Some of nature's most exquisite patterns; leaves around a plant's stem, scales on a pine cone, and the tail of some viruses, consist of small objects decorating a cylindrical chassis with a specific pattern. Nature's preferred method of building is through self-assembly, the process in which individual components autonomously and spontaneously organize into ordered structures. Taking inspiration from nature, scientists at the Center for Soft and Living Matter, within the Institute for Basic Science (IBS, South Korea), found the conditions necessary for dynamically building large structures from small objects within spun cylinders. While nature offers us beautiful examples of patterns, such as strands of DNA, recreating the same tubular structures in the laboratory has been difficult, especially if two or more kinds of particles are used together.
The researchers devised a method to compact various particles or the shape of bubbles within a cylinder by exploiting the centripetal force of a rotating fluid. Due to this force, higher density fluid is pushed out while lower density material is driven to the center. As the denser (heavier) liquid rotates, the lighter particles within the cylinder arrange in a tubular assembly. Previous tubular assemblies have been studied in a completely different way, such as stamping frames. Creating tubular crystals under non-equilibrium conditions of a rotating frame of reference is a conceptually new attempt at their self-assembly. By using this method, it is possible to make tubular crystals out of two kinds of particles, which had not been made before.
The first author, Lee Tae-hoon, a graduate student, said, "This study can be extended to various systems, including soft entities, such as bubbles or maybe even living cells." It is believed that this work will contribute to the creation of various shapes of microcomposites in which the particles could reach colloidal dimensions, making these structures useful in, for example, photonics applications.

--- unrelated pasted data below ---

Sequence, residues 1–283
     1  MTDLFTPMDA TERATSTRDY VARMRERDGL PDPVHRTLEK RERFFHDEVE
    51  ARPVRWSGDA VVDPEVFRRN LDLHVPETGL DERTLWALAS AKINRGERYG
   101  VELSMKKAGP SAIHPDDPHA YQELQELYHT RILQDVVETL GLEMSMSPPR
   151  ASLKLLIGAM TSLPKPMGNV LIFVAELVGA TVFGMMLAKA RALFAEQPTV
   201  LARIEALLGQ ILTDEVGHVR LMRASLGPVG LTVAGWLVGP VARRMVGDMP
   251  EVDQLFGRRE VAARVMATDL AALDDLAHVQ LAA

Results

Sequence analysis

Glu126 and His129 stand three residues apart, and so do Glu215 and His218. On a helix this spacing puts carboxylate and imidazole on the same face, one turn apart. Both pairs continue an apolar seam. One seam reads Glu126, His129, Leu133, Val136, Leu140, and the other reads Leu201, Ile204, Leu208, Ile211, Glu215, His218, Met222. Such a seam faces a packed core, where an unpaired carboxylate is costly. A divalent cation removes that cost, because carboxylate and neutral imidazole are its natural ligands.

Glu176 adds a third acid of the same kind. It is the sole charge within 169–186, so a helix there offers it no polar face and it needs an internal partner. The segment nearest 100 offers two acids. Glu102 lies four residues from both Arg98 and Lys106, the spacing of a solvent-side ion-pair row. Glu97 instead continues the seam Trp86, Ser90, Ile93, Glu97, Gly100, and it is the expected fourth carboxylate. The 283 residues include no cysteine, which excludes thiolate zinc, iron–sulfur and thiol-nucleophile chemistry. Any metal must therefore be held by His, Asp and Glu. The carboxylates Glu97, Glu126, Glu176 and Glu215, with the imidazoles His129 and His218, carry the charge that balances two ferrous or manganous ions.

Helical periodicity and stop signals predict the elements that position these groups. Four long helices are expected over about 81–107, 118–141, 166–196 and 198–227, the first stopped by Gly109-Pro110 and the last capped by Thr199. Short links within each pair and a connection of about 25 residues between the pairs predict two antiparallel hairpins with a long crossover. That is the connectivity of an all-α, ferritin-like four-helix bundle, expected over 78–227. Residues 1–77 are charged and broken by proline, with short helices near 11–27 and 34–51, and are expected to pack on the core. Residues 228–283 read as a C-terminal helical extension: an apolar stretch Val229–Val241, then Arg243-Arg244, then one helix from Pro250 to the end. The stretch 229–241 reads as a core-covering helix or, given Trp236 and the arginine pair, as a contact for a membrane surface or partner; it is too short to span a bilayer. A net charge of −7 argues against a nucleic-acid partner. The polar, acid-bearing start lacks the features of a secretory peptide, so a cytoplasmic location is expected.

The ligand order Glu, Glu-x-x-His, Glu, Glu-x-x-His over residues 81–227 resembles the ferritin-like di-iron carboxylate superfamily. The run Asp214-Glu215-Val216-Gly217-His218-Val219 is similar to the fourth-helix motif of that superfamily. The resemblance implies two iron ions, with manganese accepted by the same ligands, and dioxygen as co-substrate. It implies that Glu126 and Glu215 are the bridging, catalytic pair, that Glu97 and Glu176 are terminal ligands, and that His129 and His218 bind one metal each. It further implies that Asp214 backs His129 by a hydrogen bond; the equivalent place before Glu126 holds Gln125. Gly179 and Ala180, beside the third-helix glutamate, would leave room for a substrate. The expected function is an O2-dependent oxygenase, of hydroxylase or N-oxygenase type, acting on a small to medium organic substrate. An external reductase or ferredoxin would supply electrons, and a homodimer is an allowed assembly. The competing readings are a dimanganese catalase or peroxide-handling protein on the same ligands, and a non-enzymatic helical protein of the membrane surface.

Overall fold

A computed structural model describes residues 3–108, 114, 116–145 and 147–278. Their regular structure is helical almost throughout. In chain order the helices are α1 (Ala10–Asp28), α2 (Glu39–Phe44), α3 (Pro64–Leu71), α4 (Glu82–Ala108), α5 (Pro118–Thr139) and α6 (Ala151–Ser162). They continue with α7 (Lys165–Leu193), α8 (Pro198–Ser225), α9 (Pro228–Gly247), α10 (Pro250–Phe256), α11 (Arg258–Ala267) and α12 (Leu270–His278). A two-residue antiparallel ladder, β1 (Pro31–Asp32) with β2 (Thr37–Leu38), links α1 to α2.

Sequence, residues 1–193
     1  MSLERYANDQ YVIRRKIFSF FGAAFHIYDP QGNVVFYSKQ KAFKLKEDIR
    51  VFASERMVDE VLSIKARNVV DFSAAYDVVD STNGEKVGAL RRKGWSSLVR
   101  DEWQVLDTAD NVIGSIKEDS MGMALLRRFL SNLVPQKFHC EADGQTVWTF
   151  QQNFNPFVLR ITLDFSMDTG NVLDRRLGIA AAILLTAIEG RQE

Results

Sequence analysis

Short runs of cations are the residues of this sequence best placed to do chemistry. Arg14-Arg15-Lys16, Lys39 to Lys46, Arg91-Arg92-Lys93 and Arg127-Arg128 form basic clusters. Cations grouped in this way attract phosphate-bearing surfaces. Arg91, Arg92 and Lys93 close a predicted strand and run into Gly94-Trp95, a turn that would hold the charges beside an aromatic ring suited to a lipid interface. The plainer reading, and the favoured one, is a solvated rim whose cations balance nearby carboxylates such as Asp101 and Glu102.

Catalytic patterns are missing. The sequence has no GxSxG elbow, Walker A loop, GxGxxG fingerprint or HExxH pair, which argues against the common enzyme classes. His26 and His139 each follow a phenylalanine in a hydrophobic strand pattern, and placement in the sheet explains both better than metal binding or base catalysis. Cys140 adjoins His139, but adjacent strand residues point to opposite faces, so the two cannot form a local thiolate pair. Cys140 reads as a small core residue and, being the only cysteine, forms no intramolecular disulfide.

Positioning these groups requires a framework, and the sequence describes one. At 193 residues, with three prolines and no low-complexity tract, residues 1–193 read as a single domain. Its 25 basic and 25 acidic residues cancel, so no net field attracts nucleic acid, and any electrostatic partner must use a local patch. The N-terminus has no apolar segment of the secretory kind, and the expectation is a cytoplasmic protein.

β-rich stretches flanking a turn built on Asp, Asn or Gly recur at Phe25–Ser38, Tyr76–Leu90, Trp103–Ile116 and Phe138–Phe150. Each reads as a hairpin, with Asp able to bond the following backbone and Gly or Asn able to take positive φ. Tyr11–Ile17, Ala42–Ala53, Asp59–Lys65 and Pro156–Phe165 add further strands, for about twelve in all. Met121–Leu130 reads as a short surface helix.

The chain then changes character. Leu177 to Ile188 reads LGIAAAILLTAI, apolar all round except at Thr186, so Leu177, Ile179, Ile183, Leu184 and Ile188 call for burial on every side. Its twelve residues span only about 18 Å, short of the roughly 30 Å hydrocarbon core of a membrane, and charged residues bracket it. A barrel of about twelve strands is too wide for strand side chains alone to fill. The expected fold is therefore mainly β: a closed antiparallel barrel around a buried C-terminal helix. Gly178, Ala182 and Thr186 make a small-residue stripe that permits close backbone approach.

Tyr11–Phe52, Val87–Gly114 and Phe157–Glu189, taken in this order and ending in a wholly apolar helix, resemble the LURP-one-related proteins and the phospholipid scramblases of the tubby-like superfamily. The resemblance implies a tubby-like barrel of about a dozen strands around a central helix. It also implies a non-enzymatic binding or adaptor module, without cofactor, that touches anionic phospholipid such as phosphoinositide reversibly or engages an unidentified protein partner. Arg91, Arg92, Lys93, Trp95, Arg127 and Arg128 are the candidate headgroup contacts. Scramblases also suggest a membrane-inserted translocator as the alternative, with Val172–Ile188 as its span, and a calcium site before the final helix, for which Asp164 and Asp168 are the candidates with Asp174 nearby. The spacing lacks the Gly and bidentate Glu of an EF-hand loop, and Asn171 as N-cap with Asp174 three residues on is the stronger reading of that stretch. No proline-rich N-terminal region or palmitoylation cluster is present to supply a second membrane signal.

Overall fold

Conducting this kind of experiment has traditionally had to deal with issues caused by gravity. When gravity is present, sedimentation occurs, which has led some research conducted on the International Space Station where gravity is removed from the equation. "What we managed to do by using rotating liquids is to effectively switch off the gravity because we beat it against the buoyant force. Gravity is always there, but we introduced a force which exactly matches it. In some sense, we are able to do an experiment on Earth that would normally require outer space, zero gravity conditions." explains Bartosz Grzybowski, who led the study.
Now that the scientists are able to control groups of particles using rotation, they will focus on controlling individual particles. It is possible to move a single particle in a 3-D space using lasers (optical tweezers) or magnets (magnetic traps) but both methods require bulky facilities. Bartosz Grzybowski explains: "If you want to catch a particle and move it to a desired location in 3-D it usually requires quite a lot of equipment. But now we know how to manipulate small objects by fluid flows in a rotating frame of reference, how to manipulate particles in 3-D, and actually position them as if with a pair of tweezers, although we don't have any tweezers." In addition to studying the effects on solid particles, their bubble shape studies are leading to experiments on increasingly smaller units; cells. The ability to gently apply forces to soft objects could potentially lead to controlling the function of cells while still keeping these cells alive.
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Taehoon Lee et al. Non-Equilibrium Self-Assembly of Monocomponent and Multicomponent Tubular Structures in Rotating Fluids, Advanced Materials (2017). DOI: 10.1002/adma.201704274